## Product Description

The explosion in the development of methods for analyzing categorical data that began in the 1960s has continued apace in recent years. This book provides an overview of these methods, as well as older, now standard, methods. It gives special emphasis to generalized linear modeling techniques, which extend linear model methods for continuous variables, and their extensions for multivariate responses.

Today, because of this development and the ubiquity of categorical data in applications, most statistics and biostatistics departments offer courses on categorical data analysis. This book can be used as a text for such courses.

The material in Chapters 17 forms the heart of most courses. Chapters 13 cover distributions for categorical responses and traditional methods for two-way contingency tables. Chapters 47 introduce logistic regression and related logit models for binary and multicategory response variables. Chapters 8 and 9 cover loglinear models for contingency tables. Over time, this model class seems to have lost importance, and this edition reduces somewhat its discussion of them and expands its focus on logistic regression.

In the past decade, the major area of new research has been the development of methods for repeated measurement and other forms of clustered categorical data. Chapters 1013 present these methods, including marginal models and generalized linear mixed models with random effects. Chapters 14 and 15 present theoretical foundations as well as alternatives to the maximum likelihood paradigm that this text adopts. Chapter 16 is devoted to a historical overview of the development of the methods. It examines contributions of noted statisticians, such as Pearson and Fisher, whose pioneering effortsand sometimes vocal debatesbroke the ground for this evolution.

Every chapter of the first edition has been extensively rewritten, and some substantial additions and changes have occurred. The major differences are:

– A new Chapter 1 that introduces distributions and methods of inference

for categorical data.

- A unified presentation of models as special cases of generalized linear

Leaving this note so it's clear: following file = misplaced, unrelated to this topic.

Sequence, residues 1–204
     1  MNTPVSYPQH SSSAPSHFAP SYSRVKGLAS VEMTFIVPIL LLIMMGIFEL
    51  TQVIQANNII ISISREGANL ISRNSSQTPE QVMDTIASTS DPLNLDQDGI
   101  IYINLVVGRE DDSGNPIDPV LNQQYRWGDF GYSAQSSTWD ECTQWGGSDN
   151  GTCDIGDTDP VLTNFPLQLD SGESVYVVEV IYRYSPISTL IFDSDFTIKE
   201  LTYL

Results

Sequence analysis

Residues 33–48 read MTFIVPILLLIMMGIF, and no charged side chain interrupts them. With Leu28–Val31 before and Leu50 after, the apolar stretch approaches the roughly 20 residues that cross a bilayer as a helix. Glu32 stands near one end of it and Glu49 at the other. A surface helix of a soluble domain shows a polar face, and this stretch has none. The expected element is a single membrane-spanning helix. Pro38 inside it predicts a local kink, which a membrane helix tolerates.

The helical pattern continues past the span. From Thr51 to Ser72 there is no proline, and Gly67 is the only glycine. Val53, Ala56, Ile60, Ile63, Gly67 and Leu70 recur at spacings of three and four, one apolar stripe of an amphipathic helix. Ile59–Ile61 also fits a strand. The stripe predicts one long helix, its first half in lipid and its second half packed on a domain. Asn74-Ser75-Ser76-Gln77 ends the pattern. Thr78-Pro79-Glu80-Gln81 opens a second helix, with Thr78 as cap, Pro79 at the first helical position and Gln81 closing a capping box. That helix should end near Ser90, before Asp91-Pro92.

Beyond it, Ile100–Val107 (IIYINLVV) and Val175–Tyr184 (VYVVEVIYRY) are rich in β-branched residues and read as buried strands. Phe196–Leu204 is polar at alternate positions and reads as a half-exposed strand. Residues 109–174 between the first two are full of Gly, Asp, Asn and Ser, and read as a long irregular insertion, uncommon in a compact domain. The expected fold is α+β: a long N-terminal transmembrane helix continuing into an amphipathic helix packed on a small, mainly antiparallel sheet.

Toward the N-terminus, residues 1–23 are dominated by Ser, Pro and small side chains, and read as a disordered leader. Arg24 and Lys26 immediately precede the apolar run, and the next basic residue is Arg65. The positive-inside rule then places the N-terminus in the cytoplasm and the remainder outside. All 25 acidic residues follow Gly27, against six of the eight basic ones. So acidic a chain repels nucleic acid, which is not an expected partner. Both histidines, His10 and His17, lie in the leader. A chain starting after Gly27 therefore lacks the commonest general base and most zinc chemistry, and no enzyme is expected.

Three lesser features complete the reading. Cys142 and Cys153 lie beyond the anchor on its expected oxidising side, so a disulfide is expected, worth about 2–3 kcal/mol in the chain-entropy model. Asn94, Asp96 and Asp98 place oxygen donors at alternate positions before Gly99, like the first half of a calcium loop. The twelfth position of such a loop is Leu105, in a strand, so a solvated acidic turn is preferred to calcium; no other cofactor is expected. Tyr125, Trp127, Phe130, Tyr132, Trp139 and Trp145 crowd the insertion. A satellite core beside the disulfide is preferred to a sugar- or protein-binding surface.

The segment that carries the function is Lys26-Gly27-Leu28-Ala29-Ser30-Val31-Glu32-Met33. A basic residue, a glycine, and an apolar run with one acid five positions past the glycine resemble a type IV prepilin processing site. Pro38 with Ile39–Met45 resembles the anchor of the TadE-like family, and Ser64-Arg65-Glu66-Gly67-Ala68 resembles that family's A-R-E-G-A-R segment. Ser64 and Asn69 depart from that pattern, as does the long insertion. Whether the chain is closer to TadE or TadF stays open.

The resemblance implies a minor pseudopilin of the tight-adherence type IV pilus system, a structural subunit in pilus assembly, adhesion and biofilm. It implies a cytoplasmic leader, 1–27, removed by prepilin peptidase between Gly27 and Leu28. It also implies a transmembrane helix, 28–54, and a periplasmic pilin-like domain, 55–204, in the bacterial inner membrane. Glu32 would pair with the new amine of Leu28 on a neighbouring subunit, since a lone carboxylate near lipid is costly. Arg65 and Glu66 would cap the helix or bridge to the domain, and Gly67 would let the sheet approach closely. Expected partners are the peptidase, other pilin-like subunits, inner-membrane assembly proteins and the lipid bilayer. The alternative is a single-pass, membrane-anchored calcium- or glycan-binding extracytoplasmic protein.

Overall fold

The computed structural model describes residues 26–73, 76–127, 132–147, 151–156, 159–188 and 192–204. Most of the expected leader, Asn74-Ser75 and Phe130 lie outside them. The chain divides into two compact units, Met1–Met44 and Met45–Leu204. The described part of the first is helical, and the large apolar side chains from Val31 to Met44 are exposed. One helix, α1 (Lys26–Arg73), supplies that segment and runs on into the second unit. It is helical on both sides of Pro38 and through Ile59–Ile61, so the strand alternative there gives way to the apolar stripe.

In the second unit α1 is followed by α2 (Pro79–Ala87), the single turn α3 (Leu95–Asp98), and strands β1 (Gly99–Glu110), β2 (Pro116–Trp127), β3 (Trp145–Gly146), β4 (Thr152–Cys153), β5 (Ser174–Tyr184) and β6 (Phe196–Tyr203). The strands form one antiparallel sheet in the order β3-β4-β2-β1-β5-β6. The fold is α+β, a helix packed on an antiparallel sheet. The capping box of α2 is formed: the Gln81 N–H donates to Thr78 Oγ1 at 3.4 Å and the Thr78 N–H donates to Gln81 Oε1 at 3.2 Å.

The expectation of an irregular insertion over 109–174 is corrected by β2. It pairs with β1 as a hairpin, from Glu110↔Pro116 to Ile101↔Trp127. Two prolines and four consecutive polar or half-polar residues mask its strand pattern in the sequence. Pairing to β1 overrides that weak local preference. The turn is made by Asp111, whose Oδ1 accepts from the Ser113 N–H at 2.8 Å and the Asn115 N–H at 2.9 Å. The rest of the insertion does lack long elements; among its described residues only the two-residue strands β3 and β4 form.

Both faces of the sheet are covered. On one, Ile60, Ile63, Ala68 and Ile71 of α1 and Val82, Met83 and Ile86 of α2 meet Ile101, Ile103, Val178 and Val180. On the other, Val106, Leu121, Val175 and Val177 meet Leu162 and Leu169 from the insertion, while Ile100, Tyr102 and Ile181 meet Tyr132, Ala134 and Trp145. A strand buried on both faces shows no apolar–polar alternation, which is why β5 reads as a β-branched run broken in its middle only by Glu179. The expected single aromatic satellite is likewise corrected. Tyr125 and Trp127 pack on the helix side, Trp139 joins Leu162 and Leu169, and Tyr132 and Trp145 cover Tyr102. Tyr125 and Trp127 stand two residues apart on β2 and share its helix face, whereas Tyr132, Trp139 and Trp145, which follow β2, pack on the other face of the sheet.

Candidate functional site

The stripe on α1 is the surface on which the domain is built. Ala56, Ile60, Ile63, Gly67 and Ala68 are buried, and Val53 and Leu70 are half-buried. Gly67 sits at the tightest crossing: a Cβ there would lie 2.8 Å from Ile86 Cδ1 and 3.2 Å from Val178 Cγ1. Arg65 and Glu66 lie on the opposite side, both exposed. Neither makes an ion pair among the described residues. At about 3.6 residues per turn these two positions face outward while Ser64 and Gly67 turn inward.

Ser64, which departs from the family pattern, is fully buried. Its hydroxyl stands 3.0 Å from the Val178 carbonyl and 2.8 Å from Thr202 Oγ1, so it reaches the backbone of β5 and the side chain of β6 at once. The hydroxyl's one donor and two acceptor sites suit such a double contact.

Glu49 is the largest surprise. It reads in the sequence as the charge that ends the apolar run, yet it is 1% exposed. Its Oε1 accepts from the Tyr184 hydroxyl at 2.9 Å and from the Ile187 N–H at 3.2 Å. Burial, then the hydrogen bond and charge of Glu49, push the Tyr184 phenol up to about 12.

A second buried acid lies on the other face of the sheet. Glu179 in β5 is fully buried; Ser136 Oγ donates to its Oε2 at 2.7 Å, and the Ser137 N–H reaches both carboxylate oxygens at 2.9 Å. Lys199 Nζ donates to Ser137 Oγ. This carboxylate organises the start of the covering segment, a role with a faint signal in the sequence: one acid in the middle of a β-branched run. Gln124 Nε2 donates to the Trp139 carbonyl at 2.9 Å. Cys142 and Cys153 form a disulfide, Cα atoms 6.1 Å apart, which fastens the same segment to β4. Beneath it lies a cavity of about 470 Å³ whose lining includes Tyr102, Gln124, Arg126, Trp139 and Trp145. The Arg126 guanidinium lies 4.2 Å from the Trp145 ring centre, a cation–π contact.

models, starting in Chapter 4 and then throughout the text.

– Greater emphasis on logistic regression for binary response variables and extensions for multicategory responses, with Chapters 47 introducing models and Chapters 1013 extending them for clustered data.

– Three new chapters on methods for clustered, correlated categorical data, increasingly important in applications.

– A new chapter on the historical development of the methods.

– More discussion of ‘‘exact’’ small-sample procedures and of conditional logistic regression.

In this text, I interpret categorical data analysis to refer to methods for

categorical response variables. For most methods, explanatory variables can

be qualitative or quantitative, as in ordinary regression. Thus, the focus is

intended to be more general than contingency table analysis, although for

simplicity of data presentation, most examples use contingency tables. These

examples are often simplistic, but should help readers focus on understanding

the methods themselves and make it easier for them to replicate results

with their favorite software.

Special features of the text include:

– More than 100 analyses of ‘‘real’’ data sets.

– More than 600 exercises at the end of the chapters, some directed towards theory and methods and some towards applications and data analysis.

– An appendix that shows, by chapter, the use of SAS for performing analyses presented in this book.

– Notes at the end of each chapter that provide references for recent research and many topics not covered in the text.